Beyond the parameters of formal education, we learn the most from the close quarters we call our home. This is where we learn from observed behavior as well as the lessons taught to us by our parents and legal guardians. These teachings range from how to address adults, to awkward conversations about the birds and the bees.
By default, parent
The Birds and Bees Talk Age
When I came of age, my parents broached the discussion about sex. There was a feeling akin to being claustrophobic, almost like there was an invisible vacuum sucking out all the air in the room. I simply wanted to get out of that room as soon as possible.
To my knowledge, nothing I did
How to Have the Birds and the Bees Talk
The only objection I have about how the conversation went, in retrospect, was that it felt like a top-down conversation. It wasn’t from a bottom-up discussion. Simply put, they were instructing me on how I should behave when I had already done the opposite. Merely rebuking an unwanted behavior is no guarantee that it won’t happen again.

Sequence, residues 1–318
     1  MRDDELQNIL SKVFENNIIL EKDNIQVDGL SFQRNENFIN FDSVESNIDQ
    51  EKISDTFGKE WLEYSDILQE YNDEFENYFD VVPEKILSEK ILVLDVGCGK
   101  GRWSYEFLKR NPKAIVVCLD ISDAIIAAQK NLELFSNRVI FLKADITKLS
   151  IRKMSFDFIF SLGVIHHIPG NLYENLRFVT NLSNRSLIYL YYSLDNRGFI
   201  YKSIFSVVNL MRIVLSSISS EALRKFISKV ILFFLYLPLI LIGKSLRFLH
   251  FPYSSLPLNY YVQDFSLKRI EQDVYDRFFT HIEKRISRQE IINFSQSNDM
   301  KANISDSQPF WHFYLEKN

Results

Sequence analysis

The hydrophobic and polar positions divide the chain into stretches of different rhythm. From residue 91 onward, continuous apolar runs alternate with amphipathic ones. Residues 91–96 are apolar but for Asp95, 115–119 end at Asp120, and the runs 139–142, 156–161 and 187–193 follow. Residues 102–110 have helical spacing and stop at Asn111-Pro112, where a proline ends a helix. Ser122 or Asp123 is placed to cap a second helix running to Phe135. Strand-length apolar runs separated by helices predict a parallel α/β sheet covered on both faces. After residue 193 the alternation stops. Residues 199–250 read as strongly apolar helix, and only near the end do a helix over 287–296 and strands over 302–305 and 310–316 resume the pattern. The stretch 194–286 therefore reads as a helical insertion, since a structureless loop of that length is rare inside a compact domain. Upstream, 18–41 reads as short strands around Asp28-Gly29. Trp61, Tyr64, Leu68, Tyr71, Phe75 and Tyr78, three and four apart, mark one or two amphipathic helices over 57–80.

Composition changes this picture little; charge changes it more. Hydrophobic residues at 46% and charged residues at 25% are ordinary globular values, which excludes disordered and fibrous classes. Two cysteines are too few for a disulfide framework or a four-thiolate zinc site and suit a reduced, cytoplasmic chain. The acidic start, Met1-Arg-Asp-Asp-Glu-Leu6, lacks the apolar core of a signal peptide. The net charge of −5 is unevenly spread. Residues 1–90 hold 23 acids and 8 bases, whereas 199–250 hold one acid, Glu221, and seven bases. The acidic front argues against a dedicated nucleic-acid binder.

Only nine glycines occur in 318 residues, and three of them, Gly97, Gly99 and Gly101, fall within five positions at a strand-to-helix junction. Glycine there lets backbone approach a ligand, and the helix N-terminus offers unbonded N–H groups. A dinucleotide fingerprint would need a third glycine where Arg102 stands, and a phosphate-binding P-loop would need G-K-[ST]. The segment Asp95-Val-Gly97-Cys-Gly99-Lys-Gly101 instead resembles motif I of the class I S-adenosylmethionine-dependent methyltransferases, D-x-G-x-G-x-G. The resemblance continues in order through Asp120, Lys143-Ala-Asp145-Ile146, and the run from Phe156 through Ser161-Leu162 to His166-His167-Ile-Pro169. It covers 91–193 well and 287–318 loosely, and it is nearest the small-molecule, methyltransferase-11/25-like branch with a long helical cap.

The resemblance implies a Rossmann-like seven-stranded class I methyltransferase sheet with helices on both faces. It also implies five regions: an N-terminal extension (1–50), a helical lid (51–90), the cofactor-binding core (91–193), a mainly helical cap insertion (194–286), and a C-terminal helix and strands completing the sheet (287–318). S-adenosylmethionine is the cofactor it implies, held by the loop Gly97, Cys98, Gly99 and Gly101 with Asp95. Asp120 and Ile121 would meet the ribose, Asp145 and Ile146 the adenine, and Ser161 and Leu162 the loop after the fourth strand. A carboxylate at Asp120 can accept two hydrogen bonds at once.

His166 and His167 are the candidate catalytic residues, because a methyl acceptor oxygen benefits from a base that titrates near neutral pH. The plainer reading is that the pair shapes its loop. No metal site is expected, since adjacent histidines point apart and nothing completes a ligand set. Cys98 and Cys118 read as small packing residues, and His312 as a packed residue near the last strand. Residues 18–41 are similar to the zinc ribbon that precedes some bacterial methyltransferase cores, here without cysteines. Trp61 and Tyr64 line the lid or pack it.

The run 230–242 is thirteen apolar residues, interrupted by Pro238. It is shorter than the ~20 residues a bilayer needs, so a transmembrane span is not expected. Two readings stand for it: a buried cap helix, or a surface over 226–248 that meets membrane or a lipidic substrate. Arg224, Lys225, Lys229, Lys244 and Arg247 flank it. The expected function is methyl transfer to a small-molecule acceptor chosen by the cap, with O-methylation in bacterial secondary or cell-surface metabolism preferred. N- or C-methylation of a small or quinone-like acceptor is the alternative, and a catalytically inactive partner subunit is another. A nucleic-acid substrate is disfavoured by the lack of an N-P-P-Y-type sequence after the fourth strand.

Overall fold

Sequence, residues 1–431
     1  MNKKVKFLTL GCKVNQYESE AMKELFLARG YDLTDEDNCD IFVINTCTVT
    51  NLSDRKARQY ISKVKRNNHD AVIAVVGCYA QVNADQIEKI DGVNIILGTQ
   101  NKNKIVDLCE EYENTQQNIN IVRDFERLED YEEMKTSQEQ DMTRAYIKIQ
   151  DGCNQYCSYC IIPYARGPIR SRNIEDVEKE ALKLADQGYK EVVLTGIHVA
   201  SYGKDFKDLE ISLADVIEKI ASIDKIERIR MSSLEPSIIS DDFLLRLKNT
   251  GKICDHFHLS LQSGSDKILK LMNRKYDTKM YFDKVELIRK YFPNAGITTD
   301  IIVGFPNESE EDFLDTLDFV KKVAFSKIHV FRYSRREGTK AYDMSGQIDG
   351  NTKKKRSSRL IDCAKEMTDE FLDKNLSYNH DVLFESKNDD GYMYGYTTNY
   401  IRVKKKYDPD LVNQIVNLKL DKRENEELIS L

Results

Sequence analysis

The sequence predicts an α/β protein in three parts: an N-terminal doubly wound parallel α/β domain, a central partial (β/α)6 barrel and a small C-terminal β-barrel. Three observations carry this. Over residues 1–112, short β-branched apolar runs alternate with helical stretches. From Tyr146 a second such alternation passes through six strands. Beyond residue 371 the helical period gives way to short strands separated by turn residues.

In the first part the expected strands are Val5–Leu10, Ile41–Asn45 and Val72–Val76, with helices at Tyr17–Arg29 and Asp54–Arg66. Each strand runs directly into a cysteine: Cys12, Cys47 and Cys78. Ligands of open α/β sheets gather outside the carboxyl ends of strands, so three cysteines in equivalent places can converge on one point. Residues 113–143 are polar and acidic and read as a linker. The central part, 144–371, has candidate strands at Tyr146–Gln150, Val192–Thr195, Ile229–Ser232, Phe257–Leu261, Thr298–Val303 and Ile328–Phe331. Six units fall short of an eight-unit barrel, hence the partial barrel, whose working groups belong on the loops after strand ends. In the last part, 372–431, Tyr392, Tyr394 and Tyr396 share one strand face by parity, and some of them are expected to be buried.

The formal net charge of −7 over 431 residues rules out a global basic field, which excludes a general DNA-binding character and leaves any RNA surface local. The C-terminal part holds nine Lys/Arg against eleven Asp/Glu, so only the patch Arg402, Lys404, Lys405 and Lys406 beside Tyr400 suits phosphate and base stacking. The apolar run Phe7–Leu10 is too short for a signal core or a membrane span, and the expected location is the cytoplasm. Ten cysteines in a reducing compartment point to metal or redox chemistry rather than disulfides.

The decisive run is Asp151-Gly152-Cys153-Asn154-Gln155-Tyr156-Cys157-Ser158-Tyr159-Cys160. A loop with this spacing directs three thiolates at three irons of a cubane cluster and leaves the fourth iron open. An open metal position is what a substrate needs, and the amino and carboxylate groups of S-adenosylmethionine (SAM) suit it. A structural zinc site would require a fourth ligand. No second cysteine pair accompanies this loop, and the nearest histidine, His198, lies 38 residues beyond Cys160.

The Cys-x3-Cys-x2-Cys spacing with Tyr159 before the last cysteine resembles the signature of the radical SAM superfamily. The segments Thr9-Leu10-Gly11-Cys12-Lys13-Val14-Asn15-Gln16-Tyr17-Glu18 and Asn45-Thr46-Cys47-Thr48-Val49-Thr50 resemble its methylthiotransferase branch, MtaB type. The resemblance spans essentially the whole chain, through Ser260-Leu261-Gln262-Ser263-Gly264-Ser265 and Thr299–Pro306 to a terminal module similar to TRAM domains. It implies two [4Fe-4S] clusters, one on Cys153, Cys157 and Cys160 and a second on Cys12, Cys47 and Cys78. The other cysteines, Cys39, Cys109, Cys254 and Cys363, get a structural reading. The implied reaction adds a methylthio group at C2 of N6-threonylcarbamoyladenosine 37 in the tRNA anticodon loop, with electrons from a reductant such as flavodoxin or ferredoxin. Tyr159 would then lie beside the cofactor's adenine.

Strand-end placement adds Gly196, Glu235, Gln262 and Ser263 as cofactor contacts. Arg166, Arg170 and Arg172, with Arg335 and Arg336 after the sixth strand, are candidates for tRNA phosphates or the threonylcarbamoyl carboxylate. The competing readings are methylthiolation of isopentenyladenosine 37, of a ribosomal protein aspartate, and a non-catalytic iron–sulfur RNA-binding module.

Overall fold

Till this day, I can still recall how the conversation was very brief. All I did was agreed to all they said and left the room as quickly as humanly possible. In hindsight, I would’ve preferred that my parents
Firstly, they could’ve asked me what my perception of the opposite sex was after watching a chick flick. Then let me do the talking and subsequently share their own experiences when they were the same age. Good or bad, I would’ve understood that the way my body reacts to seeing the opposite sex is a passage of life. Everyone goes through it at one point or the other. I would’ve used the advice they gave me because they already went through it. It’s that simple!